KINGSTON, R.I. – Oct. 15, 2021 – CNN anchor and senior political correspondent Abby Phillip, a veteran journalist who has covered three presidential administrations, will deliver the University of Rhode Island’s 14th annual Christiane Amanpour Lecture on Wednesday, Nov. 10, at 5 p.m.
Phillip’s virtual talk, “Honesty and Authenticity in Political Journalism,” will explore how journalism moves beyond “objectivity” to understand the responsibility political journalists have to their audience and communities.
The annual Amanpour Lecture is sponsored by URI’s Harrington School of Communication and Media, the College of Arts and Sciences, and the Department of Journalism. To receive a link to view the live-streamed lecture and question-and-answer session, please register at the lecture website. The event is free and open to the public.
“Journalism has been politicized, causing the public to distrust news organizations,” said Ammina Kothari, director of the Harrington School of Communication and Media. “Phillip’s experience with political reporting and her focus on the importance of honesty and authenticity in news reporting is a great opportunity for our students and the wider community to learn more about political journalism.”
Phillip, 32, joined CNN from The Washington Post in 2017 to cover the administration of President Donald Trump and served as White House correspondent through 2019. During the 2020 presidential campaign, Phillip had a front-row seat for a historic election cycle. She moderated CNN’s Democratic presidential debate in Iowa and co-anchored “Election Night in America,” the network’s election-coverage show, which lasted several days before CNN became the first to declare Joe Biden as the winner.
After the election, Phillip anchored the “CNN Special Report: Kamala Harris: Making History,” covering the vice president’s barrier-breaking career and the childhood experiences that strengthened her and shaped her future. And in January, she was named anchor of CNN’s “Inside Politics Sunday,” the hour-long, in-depth roundtable show on the week’s most important political stories. She previously was a member of the show’s panel of experts, and had filled in as host for CNN anchor John King ’85.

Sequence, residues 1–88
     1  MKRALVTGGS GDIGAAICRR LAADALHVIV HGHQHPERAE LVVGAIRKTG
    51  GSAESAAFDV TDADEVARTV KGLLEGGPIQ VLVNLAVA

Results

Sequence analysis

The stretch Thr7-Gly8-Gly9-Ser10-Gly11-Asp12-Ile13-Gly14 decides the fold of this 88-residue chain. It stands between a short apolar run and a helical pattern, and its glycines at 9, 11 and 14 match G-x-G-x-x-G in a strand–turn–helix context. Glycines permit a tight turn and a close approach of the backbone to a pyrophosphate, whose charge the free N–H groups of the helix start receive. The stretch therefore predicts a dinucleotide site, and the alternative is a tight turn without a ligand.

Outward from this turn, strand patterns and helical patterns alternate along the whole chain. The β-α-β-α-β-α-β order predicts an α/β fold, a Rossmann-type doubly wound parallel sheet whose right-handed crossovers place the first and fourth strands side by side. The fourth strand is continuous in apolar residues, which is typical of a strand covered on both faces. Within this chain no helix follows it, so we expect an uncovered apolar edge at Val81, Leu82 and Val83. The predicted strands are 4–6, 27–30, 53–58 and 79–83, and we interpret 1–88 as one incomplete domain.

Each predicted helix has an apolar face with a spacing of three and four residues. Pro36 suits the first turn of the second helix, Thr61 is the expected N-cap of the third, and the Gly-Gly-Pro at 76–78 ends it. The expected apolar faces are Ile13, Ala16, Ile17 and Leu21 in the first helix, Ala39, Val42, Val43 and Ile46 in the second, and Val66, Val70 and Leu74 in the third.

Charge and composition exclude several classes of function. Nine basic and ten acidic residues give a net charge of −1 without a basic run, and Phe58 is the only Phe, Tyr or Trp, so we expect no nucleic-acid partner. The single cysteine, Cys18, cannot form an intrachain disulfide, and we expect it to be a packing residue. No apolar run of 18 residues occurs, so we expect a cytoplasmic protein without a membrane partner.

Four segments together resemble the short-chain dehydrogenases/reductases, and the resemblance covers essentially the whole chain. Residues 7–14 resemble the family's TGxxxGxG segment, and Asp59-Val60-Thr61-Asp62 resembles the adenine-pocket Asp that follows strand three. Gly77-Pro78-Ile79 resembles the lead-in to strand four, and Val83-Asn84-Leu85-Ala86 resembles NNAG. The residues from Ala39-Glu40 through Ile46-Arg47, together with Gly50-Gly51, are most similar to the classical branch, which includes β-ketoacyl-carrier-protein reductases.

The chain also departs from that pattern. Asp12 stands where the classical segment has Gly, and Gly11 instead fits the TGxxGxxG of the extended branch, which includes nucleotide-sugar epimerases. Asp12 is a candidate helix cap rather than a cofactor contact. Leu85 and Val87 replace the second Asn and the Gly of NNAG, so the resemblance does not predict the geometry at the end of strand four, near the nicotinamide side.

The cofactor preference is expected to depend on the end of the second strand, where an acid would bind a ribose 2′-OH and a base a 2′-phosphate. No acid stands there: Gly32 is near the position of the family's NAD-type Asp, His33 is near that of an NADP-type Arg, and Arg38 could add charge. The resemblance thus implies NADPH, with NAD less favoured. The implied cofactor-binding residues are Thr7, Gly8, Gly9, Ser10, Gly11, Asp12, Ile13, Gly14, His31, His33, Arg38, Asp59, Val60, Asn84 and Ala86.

Phillip’s work has been applauded by such media outlets as Forbes, The New York Times, InStyle and Harper’s Bazaar, which called her an “election star in her own right” and praised her “astute commentary, cool composure, and unfaltering glow.” The Times’ Katherine Rosman dubbed her “next-gen CNN.”
Before joining CNN, Phillip, who graduated from Harvard University with a bachelor’s degree in government, served as a national political reporter for The Post, covering the White House and writing on a wide range of topics related to the Trump administration, including efforts to repeal and replace the Affordable Care Act and the president’s overseas trip to Poland and Germany for his first G20 meeting.
As a Post campaign reporter during the 2016 election, she covered Hillary Clinton’s failed presidential campaign. She also covered such national stories as the Charleston, South Carolina, church shooting and the terrorist attack in San Bernardino, California. Phillip’s career includes stints as a digital reporter on politics at ABC News and reporting on the Obama White House, campaign finance, and lobbying for POLITICO.
Phillip is working on her first book, “The Dream Deferred: Jesse Jackson, Black Political Power, and the Year that Changed America,” scheduled to be released in 2022. The book will be the first major contemporary book on the life and political legacy of Jackson, focusing on his groundbreaking run for the Democratic presidential nomination in 1988.
Amanpour ’83, Hon ’95, chief international anchor of CNN’s award-winning, flagship global affairs program, “Amanpour,” endowed the annual speaker series in 2008. The series brings well-respected journalists to campus each year, including Stephen Adler, president and editor-in-chief of Reuters News; Pulitzer Prize-winning reporter C.J. Chivers of The New York Times; author and former ABC News journalist Carole Radziwill; and, in 2020, author and journalist Ed Yong, who has covered the COVID-19 pandemic for The Atlantic.